Retiring Army Futures Command colonel becomes director of Bush Combat Development Complex
Effective today, Col. Rosendo “Ross” Guieb moves from the senior staff of Army Futures Command (AFC) to a new role managing the BCDC, a complex being built on the 2,000-acre RELLIS Campus in Bryan, Texas, to help accelerate military innovation.
“Who better to lead this critical national defense initiative,” said John Sharp, chancellor of the Texas A&M System. “Ross understands the challenges of modernization inside and out. He will be instrumental as we assist the Army with next-generation battlefield readiness.”
Guieb has been serving as executive officer to Gen. John M. Murray, the first commanding general of AFC. Before that role, he was the executive officer of the task force that created AFC, which was established in 2018 as the most significant Army reorganization since 1973. Guieb retired from the Army after serving 29 years.
Previous assignments include two tours in Iraq, a tour in Afghanistan, a brigade command at Fort Hood, Texas, and multiple deployments to Honduras and Panama. At the Pentagon, Guieb served as executive officer to then under secretary of the Army Ryan McCarthy, who is now secretary of the Army.
The BCDC is designed to support the Army’s desire to quicken its procurement process dramatically, accelerating it to something closer to the technology advances in the private sector.
It will feature the nation’s biggest enclosed-tube testing facility for hypersonic and laser technologies as well as laboratories and high-tech, outdoor testing grounds for air and land vehicles. Soldiers from Fort Hood and the Texas A&M Corps of Cadets will help test prototypes as they are being developed. The complex is named after former President George H.W. Bush.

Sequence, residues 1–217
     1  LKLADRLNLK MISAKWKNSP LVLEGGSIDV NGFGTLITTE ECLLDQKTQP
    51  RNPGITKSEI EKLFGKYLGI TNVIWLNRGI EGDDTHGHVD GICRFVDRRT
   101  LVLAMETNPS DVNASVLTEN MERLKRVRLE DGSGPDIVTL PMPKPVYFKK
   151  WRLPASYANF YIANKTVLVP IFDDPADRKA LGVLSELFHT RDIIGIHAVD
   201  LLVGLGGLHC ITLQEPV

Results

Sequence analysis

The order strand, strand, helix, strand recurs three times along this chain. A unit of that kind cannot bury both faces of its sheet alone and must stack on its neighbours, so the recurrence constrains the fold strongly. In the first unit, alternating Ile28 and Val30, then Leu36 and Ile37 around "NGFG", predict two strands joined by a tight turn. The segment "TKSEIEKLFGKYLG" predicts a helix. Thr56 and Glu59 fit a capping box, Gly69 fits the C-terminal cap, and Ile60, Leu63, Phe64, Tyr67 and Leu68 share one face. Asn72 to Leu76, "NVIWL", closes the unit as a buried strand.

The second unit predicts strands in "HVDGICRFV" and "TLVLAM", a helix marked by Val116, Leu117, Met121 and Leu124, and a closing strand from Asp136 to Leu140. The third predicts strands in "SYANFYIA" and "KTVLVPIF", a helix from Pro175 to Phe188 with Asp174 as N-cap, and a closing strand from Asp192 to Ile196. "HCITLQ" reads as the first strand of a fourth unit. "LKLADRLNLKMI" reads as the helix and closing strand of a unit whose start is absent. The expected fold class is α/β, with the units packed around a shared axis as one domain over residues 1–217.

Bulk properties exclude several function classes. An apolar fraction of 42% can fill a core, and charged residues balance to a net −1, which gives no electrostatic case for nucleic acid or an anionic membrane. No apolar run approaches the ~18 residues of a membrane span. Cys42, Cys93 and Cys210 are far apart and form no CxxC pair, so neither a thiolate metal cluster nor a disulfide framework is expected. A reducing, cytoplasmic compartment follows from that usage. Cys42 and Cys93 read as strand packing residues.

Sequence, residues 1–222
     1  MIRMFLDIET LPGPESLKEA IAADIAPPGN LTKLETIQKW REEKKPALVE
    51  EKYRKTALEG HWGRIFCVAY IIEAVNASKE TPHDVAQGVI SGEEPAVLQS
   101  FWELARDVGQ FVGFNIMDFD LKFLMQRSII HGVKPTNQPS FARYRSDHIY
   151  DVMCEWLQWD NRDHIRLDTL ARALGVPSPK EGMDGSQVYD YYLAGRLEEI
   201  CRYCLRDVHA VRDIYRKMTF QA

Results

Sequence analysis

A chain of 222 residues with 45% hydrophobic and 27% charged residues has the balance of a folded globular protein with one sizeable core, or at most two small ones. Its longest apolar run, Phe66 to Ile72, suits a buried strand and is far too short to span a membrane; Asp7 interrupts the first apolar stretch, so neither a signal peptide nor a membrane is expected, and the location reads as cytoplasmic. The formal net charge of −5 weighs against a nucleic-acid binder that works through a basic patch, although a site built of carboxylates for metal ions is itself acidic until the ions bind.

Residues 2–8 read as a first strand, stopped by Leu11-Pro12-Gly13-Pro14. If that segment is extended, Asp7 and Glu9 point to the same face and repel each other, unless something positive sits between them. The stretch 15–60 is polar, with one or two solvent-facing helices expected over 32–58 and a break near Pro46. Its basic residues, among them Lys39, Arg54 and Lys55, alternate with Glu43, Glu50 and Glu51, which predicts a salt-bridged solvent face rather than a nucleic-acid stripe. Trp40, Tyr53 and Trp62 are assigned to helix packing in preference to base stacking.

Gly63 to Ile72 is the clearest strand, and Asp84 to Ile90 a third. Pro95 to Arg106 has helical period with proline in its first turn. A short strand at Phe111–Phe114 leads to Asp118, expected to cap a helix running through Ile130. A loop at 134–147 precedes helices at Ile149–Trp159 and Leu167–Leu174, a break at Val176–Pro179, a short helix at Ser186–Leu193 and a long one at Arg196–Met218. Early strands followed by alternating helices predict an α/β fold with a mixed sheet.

Guieb will report to Dr. M. Katherine Banks, vice chancellor of engineering and national laboratories for the Texas A&M System.
“Ross will be integral to our program and will keep serving our country in this new role,” Banks said. “His experience will help ensure that the strategic partnership between AFC and the Texas A&M System remains perfectly aligned.”
Guieb will manage the vision, goals and execution strategies of the BCDC while working to expand relationships with other key stakeholders in national defense innovation. He will work alongside Dr. John E. Hurtado, deputy director and chief technology officer of BCDC.
The $200 million complex is funded through investments by the Texas Legislature, the Texas A&M System Board of Regents, and a five-year contract between the Army and the Texas A&M Engineering Experiment Station.
Elaine Mendoza, chair of the Board of Regents, applauded the decision to hire Guieb.
“Secretary McCarthy, Gen. Murray and Lt. Gen. Jim Richardson all know that they can ask anything of A&M and we will step forward to meet the challenge,” she said. “All members of the Texas A&M System Board of Regents have met Col. Guieb, and we are confident and entrust Chancellor Sharp, Gen. Murray and Dr. Banks to appoint him as the first BCDC executive director. This is an excellent demonstration of progress in the commitment A&M has made to serve our state and nation for future generations.”
For additional information on the BCDC, see the 2020 special edition of the annual Texas A&M Engineer magazine.
For additional information on Col. Rosendo “Ross” Guieb, see Bush Combat Development Complex Leader shaped by family legacy of military service.
About The Texas A&M University System
The Texas A&M University System is one of the largest systems of higher education in the nation with a budget of $6.3 billion. The System is a statewide network of 11 universities; a comprehensive health science center; eight state agencies, including the Texas Division of Emergency Management; and the RELLIS Campus. The Texas A&M System educates more than 151,000 students and makes more than 22 million additional educational contacts through service and outreach programs each year. System-wide, research and development expenditures exceeded $1 billion in FY 2019 and helped drive the state’s economy.
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